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Federal Reserve Leaves Short- Term Interest Rates Untouched

By Peter G. Gosselin

Federal Reserve policy-makers decided Tuesday to keep short-term interest rates at 6.5 percent for a third month running, saying the United States’ economic growth is beginning to slow to a more sustainable pace.

Although the Fed included a stern warning about the risk of resurgent inflation, policy-makers suggested they think they are finally getting a handle on the danger of higher prices. That’s a change from earlier this year when officials said the economy seemed to be shrugging off Fed-engineered rate hikes and continuing to boom beyond its limits.

In a statement explaining its decision, the Federal Open Market Committee said recent economic statistics indicate that “expansion of aggregate demand is moderating toward a pace closer to the rate of growth of the economy’s potential to produce.”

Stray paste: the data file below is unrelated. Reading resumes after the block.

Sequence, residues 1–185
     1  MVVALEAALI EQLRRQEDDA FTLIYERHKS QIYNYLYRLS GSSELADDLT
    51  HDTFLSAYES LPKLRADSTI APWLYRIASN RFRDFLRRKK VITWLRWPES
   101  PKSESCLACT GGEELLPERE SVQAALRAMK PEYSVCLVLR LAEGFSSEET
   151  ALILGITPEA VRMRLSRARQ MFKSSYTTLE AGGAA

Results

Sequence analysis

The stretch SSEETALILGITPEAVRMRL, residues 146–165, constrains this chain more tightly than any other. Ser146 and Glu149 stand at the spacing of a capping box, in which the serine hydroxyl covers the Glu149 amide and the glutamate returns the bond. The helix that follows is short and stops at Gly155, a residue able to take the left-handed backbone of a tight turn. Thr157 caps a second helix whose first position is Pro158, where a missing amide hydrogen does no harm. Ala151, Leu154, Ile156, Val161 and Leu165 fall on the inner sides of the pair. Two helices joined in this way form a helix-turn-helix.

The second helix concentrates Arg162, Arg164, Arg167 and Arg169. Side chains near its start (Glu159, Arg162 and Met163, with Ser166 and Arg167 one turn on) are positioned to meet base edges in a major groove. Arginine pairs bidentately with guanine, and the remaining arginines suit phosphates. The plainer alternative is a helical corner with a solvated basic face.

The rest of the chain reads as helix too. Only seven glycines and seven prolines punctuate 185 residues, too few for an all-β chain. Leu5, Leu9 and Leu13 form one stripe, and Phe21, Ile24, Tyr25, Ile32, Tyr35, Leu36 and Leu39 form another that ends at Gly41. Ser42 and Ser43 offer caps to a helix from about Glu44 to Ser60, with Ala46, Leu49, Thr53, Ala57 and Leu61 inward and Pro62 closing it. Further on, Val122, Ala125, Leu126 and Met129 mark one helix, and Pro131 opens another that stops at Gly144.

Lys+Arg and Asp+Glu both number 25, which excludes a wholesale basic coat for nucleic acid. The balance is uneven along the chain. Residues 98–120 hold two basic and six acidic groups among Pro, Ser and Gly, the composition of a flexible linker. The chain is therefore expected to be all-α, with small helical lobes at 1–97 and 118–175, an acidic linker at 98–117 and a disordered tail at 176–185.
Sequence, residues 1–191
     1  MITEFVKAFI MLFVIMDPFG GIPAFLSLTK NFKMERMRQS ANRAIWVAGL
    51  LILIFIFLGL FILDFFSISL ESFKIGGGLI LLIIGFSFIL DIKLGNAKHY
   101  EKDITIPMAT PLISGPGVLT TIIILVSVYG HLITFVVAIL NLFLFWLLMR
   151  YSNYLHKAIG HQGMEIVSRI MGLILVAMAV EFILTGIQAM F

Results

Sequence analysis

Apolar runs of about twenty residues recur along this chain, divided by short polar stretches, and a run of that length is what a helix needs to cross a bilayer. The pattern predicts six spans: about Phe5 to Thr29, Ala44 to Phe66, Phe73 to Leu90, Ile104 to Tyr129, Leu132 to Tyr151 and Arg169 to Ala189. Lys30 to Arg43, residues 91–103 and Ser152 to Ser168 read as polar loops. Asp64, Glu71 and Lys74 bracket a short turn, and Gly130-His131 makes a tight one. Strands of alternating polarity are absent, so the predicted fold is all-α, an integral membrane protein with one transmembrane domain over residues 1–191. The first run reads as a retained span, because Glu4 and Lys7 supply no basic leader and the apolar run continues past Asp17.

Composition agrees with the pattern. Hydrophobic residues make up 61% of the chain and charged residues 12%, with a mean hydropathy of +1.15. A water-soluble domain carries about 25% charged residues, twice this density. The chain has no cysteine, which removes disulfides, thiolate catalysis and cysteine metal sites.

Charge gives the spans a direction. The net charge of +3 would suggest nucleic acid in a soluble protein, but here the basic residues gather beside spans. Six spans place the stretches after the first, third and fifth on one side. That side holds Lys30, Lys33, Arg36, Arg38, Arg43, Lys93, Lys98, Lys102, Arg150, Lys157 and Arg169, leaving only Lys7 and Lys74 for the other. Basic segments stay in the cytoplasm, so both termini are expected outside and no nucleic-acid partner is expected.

The central bank’s policy-making body also said improvements in productivity, or output per worker, are raising the economy’s “potential growth rate as well as containing costs and holding down underlying price pressures.”

The Fed decision, which was expected, leaves the federal funds rate -- the rate at which commercial banks make short-term loans to each other -- at its highest level in nine years. Since June of last year, the Fed has raised the rate six times by a total of 1.75 percentage points. Those moves have driven up the cost of borrowing for everything from cars to capital equipment.

Tuesday’s decision was widely interpreted as signaling that, absent unexpected change, the Fed will sit out the rest of the presidential election campaign and perhaps the remainder of the year.

Investors greeted the action tepidly. The Dow Jones industrial average rose 59.34 points, or 0.5 percent, to 11,139.15, while the tech-heavy NASDAQ Composite Index inched up 5.12 points, or 0.1 percent, to 3,958.27.